Scientific blog
PhD report (June 2015) A.Mzyk 
Monday, 6 July, 2015, 13:19
Posted by Aldona Mzyk
In June, I have worked on cell growth on micropatterned surfaces with different geometries obtained by laser interference lithography. Results of the PhD thesis research concept continuation will be presented at the ESB 2015 conference which will be held in Krakow this summer .
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Ph.D finish - MTrybula 
Tuesday, 30 June, 2015, 12:45
Posted by Marcela Trybula
The main subject of the research were three liquid ternary Al-Li-Zn alloys of compositions corresponding to three intermetallic phases present in the solid state of the Al-Li-Zn system. Foundation for analysis of the ternary system was laid bythe investigation of three constituent binaries: Al-Li, Li-Zn and al-Zn.
This thesis focuses on describing the relationship between structure and thermodynamic, and transport properties of the selected liquid Al-Li-Zn alloys. This relationship was analyzed using a wide variety of experimental and computational methods. Experimental measurements of thermodynamic functions were performed using the galvanic cell method. Physicochemical properties were investigated using the draining crucible method (DC). Within the computational methods applied, classical and ab initio molecular dynamics simulations can be mentioned. Chemical short-range order characteristics was obtained by computing the short-range order parameter from ab initio molecular dynamics results. The topology of local atom arrangement was investigated using the Common Neighbor Analysis (CNA) and Voronoi Analysis (VA). Physicochemical properties analysis was supplemented by the data obtained using semi-empirical models.
The studies performed gave a coherent and detailed description of Al-Li-Zn alloys liquid phase, including physicochemical, thermodynamic and structural properties. The applied methodology allowed to confimr the hypothesis stated.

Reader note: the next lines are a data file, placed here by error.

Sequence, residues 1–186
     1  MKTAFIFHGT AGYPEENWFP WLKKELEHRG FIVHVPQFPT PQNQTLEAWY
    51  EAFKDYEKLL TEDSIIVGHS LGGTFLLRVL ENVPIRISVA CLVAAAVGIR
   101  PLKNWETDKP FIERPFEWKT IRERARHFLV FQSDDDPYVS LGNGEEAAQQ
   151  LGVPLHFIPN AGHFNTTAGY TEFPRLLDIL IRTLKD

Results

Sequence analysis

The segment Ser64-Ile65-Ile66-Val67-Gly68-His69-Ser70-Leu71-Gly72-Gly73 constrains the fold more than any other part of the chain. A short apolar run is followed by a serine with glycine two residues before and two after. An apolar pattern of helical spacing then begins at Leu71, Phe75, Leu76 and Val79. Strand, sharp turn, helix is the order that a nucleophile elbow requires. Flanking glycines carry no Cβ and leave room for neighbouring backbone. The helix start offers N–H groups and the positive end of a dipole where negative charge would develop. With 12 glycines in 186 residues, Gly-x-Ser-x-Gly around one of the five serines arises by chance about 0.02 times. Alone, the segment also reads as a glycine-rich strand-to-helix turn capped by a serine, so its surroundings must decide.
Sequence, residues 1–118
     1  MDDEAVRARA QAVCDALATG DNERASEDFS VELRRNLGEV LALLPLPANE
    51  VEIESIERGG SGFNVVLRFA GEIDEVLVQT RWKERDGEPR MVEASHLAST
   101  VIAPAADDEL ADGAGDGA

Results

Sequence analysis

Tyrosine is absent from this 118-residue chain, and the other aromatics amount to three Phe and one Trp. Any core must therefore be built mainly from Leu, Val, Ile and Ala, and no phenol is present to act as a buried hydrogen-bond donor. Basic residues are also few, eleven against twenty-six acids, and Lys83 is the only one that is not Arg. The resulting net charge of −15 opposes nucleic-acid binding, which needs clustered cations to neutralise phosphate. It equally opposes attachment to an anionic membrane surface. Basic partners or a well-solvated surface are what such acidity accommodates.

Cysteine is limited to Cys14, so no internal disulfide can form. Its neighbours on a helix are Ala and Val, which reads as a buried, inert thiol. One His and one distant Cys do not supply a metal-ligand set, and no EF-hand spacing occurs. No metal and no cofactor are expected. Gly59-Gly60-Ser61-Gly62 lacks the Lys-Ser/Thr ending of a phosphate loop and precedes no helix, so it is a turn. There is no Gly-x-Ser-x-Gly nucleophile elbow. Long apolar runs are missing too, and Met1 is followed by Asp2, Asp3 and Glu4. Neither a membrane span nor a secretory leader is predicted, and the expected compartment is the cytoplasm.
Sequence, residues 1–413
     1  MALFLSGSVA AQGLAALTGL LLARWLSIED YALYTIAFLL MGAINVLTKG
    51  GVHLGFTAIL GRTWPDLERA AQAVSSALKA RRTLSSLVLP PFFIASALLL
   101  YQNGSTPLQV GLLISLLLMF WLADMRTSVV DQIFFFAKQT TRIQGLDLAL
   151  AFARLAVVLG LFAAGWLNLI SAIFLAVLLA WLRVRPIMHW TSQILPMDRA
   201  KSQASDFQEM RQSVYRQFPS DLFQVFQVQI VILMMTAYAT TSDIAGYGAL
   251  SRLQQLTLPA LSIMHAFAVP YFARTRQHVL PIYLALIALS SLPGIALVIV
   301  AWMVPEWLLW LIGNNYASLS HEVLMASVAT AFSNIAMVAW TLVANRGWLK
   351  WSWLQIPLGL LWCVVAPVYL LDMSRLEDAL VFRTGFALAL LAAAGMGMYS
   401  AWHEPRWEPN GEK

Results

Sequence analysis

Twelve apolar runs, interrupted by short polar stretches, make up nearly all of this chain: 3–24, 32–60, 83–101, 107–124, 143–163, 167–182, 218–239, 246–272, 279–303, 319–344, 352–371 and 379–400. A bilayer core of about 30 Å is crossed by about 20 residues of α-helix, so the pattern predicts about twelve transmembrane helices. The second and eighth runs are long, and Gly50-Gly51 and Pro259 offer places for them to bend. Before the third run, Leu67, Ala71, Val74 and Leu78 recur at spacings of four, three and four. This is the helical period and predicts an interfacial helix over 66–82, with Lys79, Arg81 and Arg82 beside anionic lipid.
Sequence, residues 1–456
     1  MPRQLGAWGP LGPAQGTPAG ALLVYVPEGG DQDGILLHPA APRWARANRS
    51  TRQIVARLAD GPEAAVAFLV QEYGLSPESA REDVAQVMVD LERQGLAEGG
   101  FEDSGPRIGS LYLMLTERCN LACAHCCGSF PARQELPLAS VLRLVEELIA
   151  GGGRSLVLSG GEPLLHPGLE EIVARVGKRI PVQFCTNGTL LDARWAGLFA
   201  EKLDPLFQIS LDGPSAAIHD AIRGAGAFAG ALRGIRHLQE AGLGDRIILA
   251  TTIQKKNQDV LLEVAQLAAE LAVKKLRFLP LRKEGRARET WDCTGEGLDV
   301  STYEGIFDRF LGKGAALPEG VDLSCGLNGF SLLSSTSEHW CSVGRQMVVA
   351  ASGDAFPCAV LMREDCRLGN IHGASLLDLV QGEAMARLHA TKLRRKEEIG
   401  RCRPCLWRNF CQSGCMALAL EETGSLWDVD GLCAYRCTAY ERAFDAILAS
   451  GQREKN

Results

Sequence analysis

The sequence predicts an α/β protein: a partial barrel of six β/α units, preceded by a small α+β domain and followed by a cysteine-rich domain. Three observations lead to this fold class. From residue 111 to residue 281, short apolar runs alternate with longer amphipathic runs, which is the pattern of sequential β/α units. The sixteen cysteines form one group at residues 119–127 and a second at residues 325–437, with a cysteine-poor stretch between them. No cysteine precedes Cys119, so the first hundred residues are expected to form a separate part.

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PhinisheD 
Wednesday, 17 June, 2015, 15:10
Posted by Krzysztof Glowinski
On the important day, the eleventh of May, I finally defended my dissertation.
The defense was quick and smooth :)
Since this is the end of this story, let me just summarize my work in a nutshell:

The most basic aspect of analysis of grain boundaries is their geometry. With recent development of experimental techniques for three-dimensional (3D) microstructure imaging, it became relatively easy to collect large sets of boundary parameters. This dissertation is devoted to development of effective tools for analysis of such 3D data sets with all five so-called macroscopic boundary parameters taken into consideration. New reliable and fast-to-calculate parameters for recognizing whether a given boundary can be classified as tilt, twist, symmetric, or 180-tilt are defined. (It is shown that existing solutions are inapplicable to error-affected experimental data or do not take into account crystal symmetry.) Using the new parameters, the frequencies of occurrence of characteristic boundaries are estimated for real materials. A basic characteristic of a boundary network is a distribution of boundaries with respect to their macroscopic parameters. To avoid artifacts caused by the currently used computation method, it is proposed to utilize kernel density estimation (KDE) and to determine boundary distributions based on distance functions defined in the five-dimensional space of boundary parameters. Based on diverse example distributions obtained for several metals, it is shown that with new computational approach, the resulting distributions are clearly more accurate. A scheme of interpretation of the distributions is also proposed. It includes evaluation of their statistical reliability, identification of their symmetries, and verification whether extrema in such distributions correspond to boundaries of characteristic geometry. KDE is also adapted to computation of boundary-plane distributions independent of misorientations. In parallel to developing the abovementioned methods, a package of computer programs including implementations of the new approaches has been created.
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Now, the end of PhD distress 
Friday, 12 June, 2015, 01:19
Posted by Piotr Drzymala